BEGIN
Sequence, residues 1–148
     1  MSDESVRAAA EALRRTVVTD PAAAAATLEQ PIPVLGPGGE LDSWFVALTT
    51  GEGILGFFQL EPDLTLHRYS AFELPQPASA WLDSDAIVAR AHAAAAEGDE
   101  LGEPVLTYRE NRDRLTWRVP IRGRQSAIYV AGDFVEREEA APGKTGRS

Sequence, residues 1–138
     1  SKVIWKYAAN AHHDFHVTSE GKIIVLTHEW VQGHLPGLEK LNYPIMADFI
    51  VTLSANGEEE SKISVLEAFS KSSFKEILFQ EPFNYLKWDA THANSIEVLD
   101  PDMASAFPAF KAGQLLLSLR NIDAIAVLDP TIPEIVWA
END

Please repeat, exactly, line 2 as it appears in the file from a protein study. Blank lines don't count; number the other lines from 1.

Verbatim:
     1  MSDESVRAAA EALRRTVVTD PAAAAATLEQ PIPVLGPGGE LDSWFVALTT